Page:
Did you "Net" your Ancestors?
In the last article I explained about the use of search engines, portals and forums to start you off on your family history research. I thought Id take a moment of your time to update you with how I got on and pass on a few extra tips that I did not cover. I decided to test out three search engines for similarities of result and found that I received different answers with each. The three that I tested were: http://www.ussc.alltheweb.com/ , http://www.google.com/ and http://www.altavista.com/ . Alltheweb gave me the better results although I could not (at that time) specify that I wanted the results in English only, as you can with altavista and google. However, you can now customise the set up for alltheweb and save the settings. This is extremely useful as you only have to do it once rather than keep selecting (and remembering to select) the drop down boxes on the other two. My advice is to use a number of search engines with the same search string, perhaps keep three browser windows open with a different search engine on each and cut and paste your query between each of them. This way you are sure to get good coverage on specific searches.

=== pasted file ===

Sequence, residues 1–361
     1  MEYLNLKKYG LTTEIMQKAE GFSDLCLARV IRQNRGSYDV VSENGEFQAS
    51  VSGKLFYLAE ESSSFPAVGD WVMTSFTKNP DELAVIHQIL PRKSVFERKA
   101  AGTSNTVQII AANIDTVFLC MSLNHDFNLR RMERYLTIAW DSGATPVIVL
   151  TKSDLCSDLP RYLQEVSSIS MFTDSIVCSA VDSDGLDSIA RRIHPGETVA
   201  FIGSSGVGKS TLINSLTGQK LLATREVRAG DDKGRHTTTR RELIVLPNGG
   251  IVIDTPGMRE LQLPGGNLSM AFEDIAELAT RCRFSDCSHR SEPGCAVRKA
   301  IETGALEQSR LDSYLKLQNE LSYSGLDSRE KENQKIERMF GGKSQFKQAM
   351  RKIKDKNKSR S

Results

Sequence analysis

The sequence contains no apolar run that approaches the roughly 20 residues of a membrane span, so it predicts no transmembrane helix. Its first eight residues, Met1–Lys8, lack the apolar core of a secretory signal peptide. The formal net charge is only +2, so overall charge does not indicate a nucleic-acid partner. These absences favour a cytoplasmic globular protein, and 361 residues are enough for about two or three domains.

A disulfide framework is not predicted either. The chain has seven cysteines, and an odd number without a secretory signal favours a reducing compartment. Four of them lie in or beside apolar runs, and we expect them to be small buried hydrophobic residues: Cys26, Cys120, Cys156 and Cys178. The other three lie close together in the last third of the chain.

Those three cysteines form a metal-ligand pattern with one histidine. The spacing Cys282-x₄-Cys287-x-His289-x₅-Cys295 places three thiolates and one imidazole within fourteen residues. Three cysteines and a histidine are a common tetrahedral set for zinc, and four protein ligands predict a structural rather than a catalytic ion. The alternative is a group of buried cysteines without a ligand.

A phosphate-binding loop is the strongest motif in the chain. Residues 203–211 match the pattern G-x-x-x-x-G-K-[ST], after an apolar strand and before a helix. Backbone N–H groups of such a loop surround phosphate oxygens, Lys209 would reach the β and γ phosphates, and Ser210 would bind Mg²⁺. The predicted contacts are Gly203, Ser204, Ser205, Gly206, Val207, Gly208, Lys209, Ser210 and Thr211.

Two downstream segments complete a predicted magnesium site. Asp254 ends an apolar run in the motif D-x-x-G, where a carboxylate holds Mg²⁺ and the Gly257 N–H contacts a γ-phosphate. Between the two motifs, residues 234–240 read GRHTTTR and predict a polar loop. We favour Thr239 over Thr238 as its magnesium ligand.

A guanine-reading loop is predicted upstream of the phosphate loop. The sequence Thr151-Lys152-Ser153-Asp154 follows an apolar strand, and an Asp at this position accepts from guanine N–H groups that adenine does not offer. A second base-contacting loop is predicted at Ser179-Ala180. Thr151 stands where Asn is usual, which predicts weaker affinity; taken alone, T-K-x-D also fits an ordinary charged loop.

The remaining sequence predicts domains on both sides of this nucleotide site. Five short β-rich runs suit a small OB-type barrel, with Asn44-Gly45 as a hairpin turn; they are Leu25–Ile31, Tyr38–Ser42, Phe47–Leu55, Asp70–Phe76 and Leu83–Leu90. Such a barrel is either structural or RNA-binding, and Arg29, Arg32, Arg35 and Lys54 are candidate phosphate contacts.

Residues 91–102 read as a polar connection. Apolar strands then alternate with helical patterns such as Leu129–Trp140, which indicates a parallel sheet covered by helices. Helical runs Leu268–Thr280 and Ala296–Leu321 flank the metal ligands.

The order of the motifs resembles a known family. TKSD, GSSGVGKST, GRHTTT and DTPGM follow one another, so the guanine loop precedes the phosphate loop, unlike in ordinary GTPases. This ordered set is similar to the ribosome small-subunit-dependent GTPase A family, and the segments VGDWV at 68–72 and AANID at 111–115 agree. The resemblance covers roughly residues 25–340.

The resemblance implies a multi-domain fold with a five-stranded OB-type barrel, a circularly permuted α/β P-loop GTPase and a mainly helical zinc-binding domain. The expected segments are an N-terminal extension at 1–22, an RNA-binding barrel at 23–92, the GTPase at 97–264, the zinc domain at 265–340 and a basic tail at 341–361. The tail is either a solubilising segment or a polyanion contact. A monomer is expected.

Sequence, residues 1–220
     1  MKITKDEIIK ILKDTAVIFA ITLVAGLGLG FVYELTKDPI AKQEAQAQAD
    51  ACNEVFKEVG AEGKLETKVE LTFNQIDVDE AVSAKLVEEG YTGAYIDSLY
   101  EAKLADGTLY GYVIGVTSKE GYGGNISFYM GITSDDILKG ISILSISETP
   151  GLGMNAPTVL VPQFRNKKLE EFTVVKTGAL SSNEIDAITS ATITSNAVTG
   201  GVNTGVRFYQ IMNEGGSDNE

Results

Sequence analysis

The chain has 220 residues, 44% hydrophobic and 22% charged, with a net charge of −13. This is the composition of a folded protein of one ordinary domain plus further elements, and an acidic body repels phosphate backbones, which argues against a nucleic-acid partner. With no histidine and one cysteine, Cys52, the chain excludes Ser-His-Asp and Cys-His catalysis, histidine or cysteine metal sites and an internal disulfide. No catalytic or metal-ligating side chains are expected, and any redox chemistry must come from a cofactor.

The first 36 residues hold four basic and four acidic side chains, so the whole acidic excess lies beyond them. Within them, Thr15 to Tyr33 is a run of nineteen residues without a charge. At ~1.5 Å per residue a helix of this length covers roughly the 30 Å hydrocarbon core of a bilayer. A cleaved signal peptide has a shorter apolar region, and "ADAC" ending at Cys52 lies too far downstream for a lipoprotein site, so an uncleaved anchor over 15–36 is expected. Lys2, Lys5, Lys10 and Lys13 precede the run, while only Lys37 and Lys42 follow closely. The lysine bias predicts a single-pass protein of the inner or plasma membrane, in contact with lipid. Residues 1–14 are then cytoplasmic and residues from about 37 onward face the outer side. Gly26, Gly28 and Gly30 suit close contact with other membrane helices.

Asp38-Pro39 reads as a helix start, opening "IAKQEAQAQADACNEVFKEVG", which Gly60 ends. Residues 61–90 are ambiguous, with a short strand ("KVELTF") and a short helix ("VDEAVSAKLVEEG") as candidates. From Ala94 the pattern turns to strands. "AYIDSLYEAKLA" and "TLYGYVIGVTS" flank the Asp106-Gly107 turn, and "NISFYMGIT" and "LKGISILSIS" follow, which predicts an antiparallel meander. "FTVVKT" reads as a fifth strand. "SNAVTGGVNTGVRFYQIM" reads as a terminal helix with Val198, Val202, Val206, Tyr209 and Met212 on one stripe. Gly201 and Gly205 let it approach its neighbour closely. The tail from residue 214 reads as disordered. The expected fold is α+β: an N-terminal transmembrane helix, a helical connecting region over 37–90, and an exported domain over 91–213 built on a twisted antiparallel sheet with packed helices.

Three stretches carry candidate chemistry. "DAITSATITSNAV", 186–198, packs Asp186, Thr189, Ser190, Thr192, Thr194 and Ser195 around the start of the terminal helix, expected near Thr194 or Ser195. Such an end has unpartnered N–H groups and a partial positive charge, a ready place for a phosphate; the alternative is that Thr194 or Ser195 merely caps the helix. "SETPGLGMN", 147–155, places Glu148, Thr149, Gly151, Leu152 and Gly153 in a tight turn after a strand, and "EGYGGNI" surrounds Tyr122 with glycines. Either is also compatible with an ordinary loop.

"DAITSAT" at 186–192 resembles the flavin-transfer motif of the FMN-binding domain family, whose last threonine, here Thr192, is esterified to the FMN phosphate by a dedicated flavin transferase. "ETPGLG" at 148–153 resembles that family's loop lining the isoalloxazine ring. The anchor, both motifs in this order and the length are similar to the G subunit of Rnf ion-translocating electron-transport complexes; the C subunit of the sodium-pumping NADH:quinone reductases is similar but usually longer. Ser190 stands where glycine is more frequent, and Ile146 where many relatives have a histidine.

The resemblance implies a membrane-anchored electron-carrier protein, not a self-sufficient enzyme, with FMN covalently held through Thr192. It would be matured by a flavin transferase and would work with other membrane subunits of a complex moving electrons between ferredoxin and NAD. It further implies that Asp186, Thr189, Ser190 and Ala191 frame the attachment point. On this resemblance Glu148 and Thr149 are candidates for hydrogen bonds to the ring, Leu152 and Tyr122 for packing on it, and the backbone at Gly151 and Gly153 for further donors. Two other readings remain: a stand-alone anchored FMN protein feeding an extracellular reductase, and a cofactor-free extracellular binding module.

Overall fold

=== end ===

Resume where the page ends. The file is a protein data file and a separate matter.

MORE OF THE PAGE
Having decided to use these three engines, I then determined to see if any of the popular names of my family were recorded on the web. Using the structure [forename surname] enclosed in quotes (i.e. "Joseph Ferdinando") I could then see all the resultant pages with a possible lead. Working through from Aaron onwards I happened upon a site in Australia recalling one of my ancestors Benjamin James Ferdinando. However, I wasnt searching for him at all I was searching, at the time, for "James Ferdinando". The reason behind this is that by enclosing the search in quotes I am asking the search engine to find two words as an exact phrase, in this case James followed by Ferdinando. In the previous search for "Benjamin Ferdinando", the search engine would not pick this up, as there was a James between the two names and not a perfect phrase match. This is particularly useful if you want to narrow down your search but I thought Id share this success and the limitations of search engines. If I had widened my search using James + Ferdinando I would still have got the information I wanted but would have had a lot more results as the search engine would give me all the results of web pages containing both of the words and not in a single phrase.